Dining Like JAL First Class
Don’t get me wrong. I never fly JAL first class. Even if I could pay for the exorbitant first-class fare, I wouldn’t. Even business class is too luxurious for me. How much space or luxury does one need, anyway? In fact, a no-frills budget airline is more than enough for my trip.
But have you ever wondered what it’s like to dine like a first-class passenger, in particular, on JAL? Would that be the epitome of all fine dining experiences for the privileged few in the upper echelon? Highlights of the menu on JAL First Class feature two Kaiseki style foods and one Western-style in their inflight dining. I’d like to review 3 restaurants whose menus are featured in-flight for JAL first-class passengers.
2 Kaiseki Restaurants in Kagurazaka
Both Ishikawa and Kohaku are in Kagurazaka, a short walk from the Iidabashi Station and a stone’s throw away from each other. It’s an area that is quite vibrant after sunset. Kagurazaka Ishikawa is the first restaurant in the group. Chef Ishikawa was from Niigata, originally. The chef at Kohaku was trained at Ishikawa, while the chef at Kohaku was subsequently the youngest chef in Japan to earn 3 Michelin stars. There are three restaurants in this group, including REN.
Both Ishikawa and Kohaku have relatively big operations compared to other Kaiseki restaurants in Japan. Ishikawa has seven seats at the counter and 18 seats in the private room, while Kohaku has six seats at the counter 18 seats in the room. This kind of capacity reminded me of Ryugin, which has tables for dining much further away from the kitchen. This is the same setup as restaurants in the west and many countries in Asia where interaction with the chef in the cooking area is minimal.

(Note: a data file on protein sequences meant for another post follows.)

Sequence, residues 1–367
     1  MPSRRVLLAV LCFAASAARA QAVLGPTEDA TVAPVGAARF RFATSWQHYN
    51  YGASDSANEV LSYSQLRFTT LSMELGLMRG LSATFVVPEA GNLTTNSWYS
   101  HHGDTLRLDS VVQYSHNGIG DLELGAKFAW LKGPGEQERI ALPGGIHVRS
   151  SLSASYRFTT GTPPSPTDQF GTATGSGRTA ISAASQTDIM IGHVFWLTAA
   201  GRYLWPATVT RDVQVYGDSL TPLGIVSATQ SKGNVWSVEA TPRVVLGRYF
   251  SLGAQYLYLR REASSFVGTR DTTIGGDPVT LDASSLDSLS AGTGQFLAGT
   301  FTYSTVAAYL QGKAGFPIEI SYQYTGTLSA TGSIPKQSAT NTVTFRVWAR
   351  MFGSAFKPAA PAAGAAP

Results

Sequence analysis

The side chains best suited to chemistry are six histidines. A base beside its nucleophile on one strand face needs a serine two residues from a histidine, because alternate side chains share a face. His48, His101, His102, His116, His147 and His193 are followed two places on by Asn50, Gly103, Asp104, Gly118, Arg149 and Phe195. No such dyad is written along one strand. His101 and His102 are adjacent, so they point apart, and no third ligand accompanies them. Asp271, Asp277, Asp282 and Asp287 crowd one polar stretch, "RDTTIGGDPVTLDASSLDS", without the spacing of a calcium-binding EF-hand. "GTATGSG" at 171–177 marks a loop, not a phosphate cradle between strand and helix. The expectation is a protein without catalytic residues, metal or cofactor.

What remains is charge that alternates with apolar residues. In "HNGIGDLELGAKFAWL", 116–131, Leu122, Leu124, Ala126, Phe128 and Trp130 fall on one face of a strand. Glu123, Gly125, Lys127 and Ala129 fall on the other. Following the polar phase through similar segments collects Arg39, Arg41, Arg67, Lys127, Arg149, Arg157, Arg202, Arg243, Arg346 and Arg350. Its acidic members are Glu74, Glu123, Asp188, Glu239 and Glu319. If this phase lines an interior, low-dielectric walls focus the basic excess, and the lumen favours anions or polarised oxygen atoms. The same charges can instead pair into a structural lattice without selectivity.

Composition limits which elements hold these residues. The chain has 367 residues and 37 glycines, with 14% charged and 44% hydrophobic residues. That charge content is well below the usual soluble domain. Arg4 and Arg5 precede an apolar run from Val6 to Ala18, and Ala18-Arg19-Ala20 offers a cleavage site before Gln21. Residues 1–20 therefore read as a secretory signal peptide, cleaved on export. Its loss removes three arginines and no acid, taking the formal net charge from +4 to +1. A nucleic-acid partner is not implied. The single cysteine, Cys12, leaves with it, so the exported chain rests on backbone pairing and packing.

Both are 3-Michelin-star Kaiseki restaurants, so diners can surely expect 3-Michelin-star treatment from exquisite tablewares, decorations, paintings, and artwork. These two restaurants are loved by many famed international food bloggers who sing endless praise. English-speaking staff is available, which makes life easier for visitors. In the old days, Ishikawa even had English-speaking staff to handle booking inquiries. However, they moved all booking for overseas guests to Omakase, so online booking is now possible.
The first appetizer was hamo with broth jelly. I found that the broth jelly was sweeter than at other Kaiseki restaurants. Then, deep-fried kinki followed. For an appetizer, it was shima aji with grilled eggplant. I had flatfish and two types of uni. The uni was quite sweet. As I visited in early fall, I had a chance to try the aromatic deep fried matsutake. Then, we moved on to the grilled unagi dish and braised duck. Duck is not so commonly consumed in Tokyo. I rarely see any duck dish in Japanese staple, except in Kyoto. Ishikawa also served kegani hotpot, which suits a cold fall night. For the rice dish, I had the blackthroat seaperch gohan. The dinner was concluded with selections of grapes and almond jelly.